Saturday, May 19, 2012

House Passes HR 4310 with Cyber Measures

Yesterday, after two long days of debate including the consideration of over 100 amendments the House passed H4310, the National Defense Authorization Act for Fiscal Year 2013, by a bipartisan vote of 299 to 120. The cyber provisions of the bill that I described in an earlier blog remain in the bill (one with a floor revision). Three cyber-related amendments to the bill were considered during the floor debate; all passed by voice vote.

There is still nothing specifically addressing industrial cybersecurity or control system security, but it does offer a look at the expansion of congressional interest in cyber operations. The interesting thing about the votes on these three cyber-related amendments is that they were considered as part of three separate ‘en bloc’ votes containing 15 or more other amendments. Such groupings are made up of non-controversial amendments because significant opposition to even one of the members of the group could result in all of the amendments being voted down.

Amending Offensive Operations in Cyberspace

In the earlier blog I noted that the bill considered this week amended the current congressional authority to conduct operations in cyberspace to specifically authorize clandestine operations in support of congressionally cleared operations. Rep. Rogers (R,MI) offered an amendment that would clarify that while clandestine operations would be authorized nothing “in this section shall be construed to authorize a covert action” {§954(d)}. While there may be more sophisticated explanations for the difference between ‘clandestine’ and ‘covert’ here it appears to rest upon the type of Congressional authorization required for the action.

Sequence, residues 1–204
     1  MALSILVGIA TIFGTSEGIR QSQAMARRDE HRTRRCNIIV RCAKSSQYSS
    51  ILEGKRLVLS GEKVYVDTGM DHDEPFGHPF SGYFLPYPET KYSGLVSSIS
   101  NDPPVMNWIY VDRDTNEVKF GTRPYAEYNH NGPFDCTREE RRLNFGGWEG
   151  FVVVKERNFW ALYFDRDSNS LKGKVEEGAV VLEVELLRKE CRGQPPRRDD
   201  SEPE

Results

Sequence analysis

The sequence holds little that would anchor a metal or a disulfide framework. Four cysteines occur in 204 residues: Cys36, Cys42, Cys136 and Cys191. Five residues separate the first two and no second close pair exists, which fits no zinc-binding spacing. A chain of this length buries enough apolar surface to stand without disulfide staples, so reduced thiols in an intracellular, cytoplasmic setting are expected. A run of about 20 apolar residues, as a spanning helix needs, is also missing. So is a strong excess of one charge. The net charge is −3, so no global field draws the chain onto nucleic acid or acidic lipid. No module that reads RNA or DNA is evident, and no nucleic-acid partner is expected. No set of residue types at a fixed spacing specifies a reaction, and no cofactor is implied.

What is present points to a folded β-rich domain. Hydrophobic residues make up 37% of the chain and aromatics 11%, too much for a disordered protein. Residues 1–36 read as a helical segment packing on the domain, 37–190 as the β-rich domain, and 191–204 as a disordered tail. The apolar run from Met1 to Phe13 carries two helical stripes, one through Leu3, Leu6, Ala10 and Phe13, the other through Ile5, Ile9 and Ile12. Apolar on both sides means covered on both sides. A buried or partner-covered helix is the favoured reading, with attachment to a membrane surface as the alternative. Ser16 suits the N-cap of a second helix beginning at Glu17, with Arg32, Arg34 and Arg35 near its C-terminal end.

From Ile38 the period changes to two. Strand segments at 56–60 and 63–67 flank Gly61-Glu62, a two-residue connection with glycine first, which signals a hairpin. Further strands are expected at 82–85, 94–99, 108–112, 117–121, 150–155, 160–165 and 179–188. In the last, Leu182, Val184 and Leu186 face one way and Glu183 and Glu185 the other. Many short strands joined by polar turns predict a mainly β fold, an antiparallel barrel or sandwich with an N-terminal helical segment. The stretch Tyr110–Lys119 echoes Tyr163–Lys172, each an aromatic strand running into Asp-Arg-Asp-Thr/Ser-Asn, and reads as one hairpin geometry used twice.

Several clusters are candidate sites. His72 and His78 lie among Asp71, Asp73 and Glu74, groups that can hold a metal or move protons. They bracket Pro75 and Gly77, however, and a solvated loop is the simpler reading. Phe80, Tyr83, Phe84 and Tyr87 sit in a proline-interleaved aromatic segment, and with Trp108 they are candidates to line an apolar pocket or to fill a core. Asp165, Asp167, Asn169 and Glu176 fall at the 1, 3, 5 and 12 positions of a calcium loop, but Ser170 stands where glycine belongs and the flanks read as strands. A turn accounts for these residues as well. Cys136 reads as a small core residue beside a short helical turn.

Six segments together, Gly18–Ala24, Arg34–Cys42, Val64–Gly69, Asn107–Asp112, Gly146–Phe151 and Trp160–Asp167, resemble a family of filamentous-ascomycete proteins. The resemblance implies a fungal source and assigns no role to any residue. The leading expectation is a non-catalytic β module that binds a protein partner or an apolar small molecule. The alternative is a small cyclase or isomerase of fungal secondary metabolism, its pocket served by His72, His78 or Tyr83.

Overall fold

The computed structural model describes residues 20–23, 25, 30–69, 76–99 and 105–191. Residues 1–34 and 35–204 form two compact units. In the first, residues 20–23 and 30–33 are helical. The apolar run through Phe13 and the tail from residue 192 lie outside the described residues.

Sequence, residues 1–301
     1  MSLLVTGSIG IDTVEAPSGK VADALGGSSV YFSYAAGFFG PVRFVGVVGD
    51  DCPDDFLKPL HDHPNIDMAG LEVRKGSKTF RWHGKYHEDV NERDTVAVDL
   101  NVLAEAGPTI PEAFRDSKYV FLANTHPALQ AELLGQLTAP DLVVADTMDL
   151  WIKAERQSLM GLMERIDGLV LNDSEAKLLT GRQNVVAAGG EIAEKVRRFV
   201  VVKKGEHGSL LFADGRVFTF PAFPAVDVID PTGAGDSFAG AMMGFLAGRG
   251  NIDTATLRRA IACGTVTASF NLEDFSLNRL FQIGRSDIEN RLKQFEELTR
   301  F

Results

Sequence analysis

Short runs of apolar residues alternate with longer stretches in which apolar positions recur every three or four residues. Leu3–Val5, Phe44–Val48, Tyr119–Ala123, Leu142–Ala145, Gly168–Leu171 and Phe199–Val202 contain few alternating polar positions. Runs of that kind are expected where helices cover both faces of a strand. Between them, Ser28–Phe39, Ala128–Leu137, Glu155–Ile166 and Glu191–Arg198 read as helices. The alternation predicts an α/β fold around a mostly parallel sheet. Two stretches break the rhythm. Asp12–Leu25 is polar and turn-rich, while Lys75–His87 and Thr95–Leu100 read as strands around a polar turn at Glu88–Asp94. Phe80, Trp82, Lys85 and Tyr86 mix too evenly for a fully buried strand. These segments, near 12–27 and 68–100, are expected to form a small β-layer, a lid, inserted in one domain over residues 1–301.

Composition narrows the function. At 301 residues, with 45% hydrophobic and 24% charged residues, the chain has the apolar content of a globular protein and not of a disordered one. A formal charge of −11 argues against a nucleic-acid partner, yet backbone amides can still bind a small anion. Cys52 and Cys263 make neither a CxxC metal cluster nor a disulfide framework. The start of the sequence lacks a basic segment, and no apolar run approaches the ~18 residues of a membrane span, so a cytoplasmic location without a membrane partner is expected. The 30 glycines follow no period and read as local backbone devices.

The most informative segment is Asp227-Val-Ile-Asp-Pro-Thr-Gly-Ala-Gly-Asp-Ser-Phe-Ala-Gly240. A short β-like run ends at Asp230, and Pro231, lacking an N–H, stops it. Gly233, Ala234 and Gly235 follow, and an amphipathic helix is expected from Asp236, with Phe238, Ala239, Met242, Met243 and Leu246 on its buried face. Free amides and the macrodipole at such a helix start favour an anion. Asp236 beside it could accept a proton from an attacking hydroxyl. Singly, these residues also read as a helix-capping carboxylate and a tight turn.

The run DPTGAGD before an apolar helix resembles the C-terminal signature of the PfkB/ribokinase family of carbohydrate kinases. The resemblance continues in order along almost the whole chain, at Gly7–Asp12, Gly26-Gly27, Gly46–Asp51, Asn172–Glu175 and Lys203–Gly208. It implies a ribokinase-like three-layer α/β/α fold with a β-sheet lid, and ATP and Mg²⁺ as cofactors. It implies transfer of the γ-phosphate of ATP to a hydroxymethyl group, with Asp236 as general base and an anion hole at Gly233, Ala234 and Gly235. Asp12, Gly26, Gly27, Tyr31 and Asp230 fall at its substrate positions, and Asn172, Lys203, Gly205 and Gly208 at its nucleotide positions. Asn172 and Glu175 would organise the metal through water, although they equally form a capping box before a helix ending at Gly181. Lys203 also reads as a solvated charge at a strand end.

Air Force and Cyber Security

Rep. Hanna (R,NY) offered an amendment that would require the Secretary to report on Air Force cyber operations research, science, and technology. Most of this is amendment is focused on military operations in cyberspace, but the last sub-paragraph requires the inclusion of a review of the “potential benefit to the Air Force for collaboration with private industry and the development of cyber security technology clusters” {§245(9)}. While not specific to control system security, any additional research into cybersecurity will probably be beneficial to the ICS  processes.

Interagency Coordination

The final cyber-related amendment was offered by Rep. Thornberry (R,TX) that would require the establishment of an interagency organization that would “coordinate and deconflict full-spectrum military cyber operations for the Federal Government” {§1084(a)}. While this is probably directed at DOD agencies (it does refer to military ‘cyber operations’ after all), this could be expanded to include non-DOD agencies like DHS. Coordination of government cyber operations (coordination of anything, for that matter) is probably a good thing in general.

Moving Forward

Now that it has passed in the House we can expect that the Senate will start with its own version of the bill (which I haven’t seen yet) and then the two will get reconciled in conference. It’s anybody’s guess as to what will survive that process.

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